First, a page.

• 1 0
 So frame and fork manufacturers are ok with massive 1.8 headtubes and making crowns to match, but everyone, except Giant and Cannondale, thinks the top of the headset is just fine? That shit looks ridiculous with a straight 1.5 headtube and a little teeny steerer poking out the top. Especially with that fat 35mm bar on the other end of the stem.

The industry already makes a few silly concessions simply for looks (aforementioned 1.8 headtubes, internal cable routing, hidden seatpost clamps that just don't work well), but for some reason the few times that the steerer/stem interface was actually _functionally_ improved, everyone slagged it off. So stupid.
  • 8 3
 Looks like a Banshee
  • 1 0
 I do wonder what the difference is between Pivot's iteration of DW-Link and Banshee's KS2. Outwardly, it looks identical.
  • 2 2
 Naw, other than being a short-link four bar with vertical shock there are no similarities.
  • 1 0
 @Ttimer: Have a look at this and then a Banshee Titan. The link configuration is almost identical.
  • 2 0
 @boozed: I was replying to the original post. The bikes themselves look very different, even though they share a similar link layout.
  • 4 0
 So nice to see a 350 BB height. Functional !! Take notes other brands
  • 4 0
 Can this review be behind paywall ?
  • 1 0
 What i’m most curious about is how this new Pivot with its DW-link suspension will compare to the new crop of high-pivot enduro bikes through some serious gnarly terrain… Smile
  • 1 0
 Wondering if it's possible to combine DW & high pivot!
  • 2 0
 @haen: it will probably look like the design of the Canfield Jedi.
  • 1 1
 If it's a consumer 'fun' item and not healthcare and staple food items, builders can charge what ever they want and should get as much as they can.

I love Pivot rear suspension performance but rule the brand out due to overly short chain-stay lengths, Superboost & no frame only options.
  • 12 13
 Not sure why bike companies havent caught the memo to limit the brand name to just a head badge or something subtle...? Big brand name on the side of bikes is obnoxious. Fine for the pros but I dont want to do their advertising…
  • 4 2
 So this is the sort of money you now have to pay to get a bike with the same size wheels??
  • 1 0
 Let's hope pivot get takers because that's madness even high earners would question that pricing the specs no better than bikes 5k less
  • 3 0
 Are bike companies paying retail on parts to spec their bikes these days?
  • 3 1
 Price range: $6,099 - $13,099 USD

Can it get any better for a bike thief ?
  • 1 1
 a 2022 KTM 500 EXC-F cost $1300 less than the top build on this bike. yes different sport but the moto has a whole nother level of complexity to manufacture/develop. What is going on here?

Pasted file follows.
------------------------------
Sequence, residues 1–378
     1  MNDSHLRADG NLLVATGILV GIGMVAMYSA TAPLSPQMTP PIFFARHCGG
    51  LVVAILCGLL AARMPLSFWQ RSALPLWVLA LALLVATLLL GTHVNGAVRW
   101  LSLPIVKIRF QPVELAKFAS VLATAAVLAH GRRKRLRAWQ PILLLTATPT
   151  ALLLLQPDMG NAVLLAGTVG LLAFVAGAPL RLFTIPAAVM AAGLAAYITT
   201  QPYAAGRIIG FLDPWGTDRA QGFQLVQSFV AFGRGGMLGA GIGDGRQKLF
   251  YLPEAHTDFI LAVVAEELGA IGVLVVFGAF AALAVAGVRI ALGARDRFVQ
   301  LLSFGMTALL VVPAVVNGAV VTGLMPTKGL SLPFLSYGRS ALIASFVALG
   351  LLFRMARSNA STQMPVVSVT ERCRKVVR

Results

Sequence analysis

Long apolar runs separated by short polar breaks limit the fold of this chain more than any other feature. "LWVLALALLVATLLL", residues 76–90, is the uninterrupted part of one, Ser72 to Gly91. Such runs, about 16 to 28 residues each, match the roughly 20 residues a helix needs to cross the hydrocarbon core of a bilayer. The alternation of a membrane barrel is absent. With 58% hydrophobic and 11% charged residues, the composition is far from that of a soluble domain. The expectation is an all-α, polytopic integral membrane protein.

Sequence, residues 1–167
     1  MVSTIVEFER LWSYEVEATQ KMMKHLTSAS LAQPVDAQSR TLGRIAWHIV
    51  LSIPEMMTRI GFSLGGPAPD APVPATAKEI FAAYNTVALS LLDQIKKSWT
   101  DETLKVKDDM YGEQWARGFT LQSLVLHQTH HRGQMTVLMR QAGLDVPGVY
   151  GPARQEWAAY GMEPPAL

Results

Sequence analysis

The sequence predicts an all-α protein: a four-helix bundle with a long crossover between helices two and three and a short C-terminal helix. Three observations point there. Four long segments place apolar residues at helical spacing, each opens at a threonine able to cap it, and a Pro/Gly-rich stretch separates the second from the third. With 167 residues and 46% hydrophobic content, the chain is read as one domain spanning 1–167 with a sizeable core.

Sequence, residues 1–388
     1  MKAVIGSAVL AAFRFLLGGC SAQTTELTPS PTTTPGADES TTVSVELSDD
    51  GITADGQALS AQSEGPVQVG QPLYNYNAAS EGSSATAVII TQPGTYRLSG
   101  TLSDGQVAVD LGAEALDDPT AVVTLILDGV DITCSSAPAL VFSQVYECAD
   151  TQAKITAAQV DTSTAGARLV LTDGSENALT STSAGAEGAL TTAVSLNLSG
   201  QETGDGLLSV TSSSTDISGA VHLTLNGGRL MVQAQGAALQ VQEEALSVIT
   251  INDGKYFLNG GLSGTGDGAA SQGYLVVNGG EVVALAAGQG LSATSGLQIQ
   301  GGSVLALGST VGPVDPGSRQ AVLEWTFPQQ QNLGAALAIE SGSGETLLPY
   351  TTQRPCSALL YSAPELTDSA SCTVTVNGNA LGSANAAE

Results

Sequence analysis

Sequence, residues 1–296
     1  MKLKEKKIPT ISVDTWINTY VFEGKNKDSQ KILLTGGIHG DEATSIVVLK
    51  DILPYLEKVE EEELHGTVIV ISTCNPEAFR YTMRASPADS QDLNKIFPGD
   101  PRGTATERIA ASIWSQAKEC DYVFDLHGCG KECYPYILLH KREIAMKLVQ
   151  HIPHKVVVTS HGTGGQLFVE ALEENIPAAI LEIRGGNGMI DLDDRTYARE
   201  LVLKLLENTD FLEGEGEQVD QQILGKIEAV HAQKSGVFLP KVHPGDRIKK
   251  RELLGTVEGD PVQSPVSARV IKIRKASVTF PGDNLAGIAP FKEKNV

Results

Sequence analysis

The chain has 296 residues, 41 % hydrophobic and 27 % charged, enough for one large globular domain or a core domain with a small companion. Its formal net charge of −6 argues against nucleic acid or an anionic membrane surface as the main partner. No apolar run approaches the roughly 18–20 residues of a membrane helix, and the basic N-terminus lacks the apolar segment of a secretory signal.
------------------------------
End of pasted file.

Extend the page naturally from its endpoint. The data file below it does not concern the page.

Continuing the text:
• 2 0
 Phoenix home prices are hottest in the US.
  • 5 0
 economies of scale.
  • 1 1
 I love Pivot! Wish they would make a proper Mixed wheel size switchblade but with this exact geometry. Pretty much what I’m looking for. DW link and a nice roomy tech clearing bottom bracket height.
  • 2 0
 You could just put it in the high setting and use the 17mm headset cup to get some clearance as long as you don't mind a higher stack.
  • 4 1
 Can't wait to only see these every 10 seconds on South mountain in PHX.
  • 2 0
 I remember when xc bikes were 12k with mechanical shifting and no live valve
  • 5 4
 When are we going to get over the cost of mountain bikes? Yes, they are expensive in the highest end, and yes there are cheaper options. It's getting old PB comments.
  • 2 1
 Words bad!! Me want video!! Seriously though, I'm at work and I can't be reading shit online. I'd rather listen to a video while I'm working. Thanks. Smile
  • 2 1
 Pivot really do need a frame only option, I'd like to own a Pivot but have stuck with Ibis and Yeti as they offer a frame only option.
  • 1 0
 they usually offer frameset about 6 months after release. i specifically asked for it because I rather use other parts. but i‘ve been told due to availability issues in covid times they propably won‘t be able to do framesets any time soon
  • 1 0
 Just to repeat what has already been said, this is ridiculous! Not looking good when that dope a$! GT released on the same day is $6000 for the top of the line model.
  • 3 1
 13k with crappy brakes. Give it up sram you can’t make good brakes that last more then a year
  • 2 0
 Meanwhile at Rocky Mountain:

"Who do these guys think they are? They can't charge that for a bike and expect sales!"
  • 1 0
 Effective STA looks to be about 75 based on the nose of the saddle in relationship to the BB. Makes me wonder if it wanders on climbs or if that even matters.
  • 1 0
 Effective STA is around 77 degrees, according to the geo charts. Do you mean *actual* STA?
  • 1 0
 @MtbSince84: "Effective STA Sales Numbers" vs "Actual Sales Numbers." ... Tough to say with my loose tooth... I will eventually go to the dentist and "enjoy" the actual 10-degree seattube angle.
  • 4 1
 daddy liiiiiiike
  • 7 5
 Not a high pivot in 2021?
Ew, Gross
  • 50 1
 It's a high priced Pivot... Same same right?
  • 1 0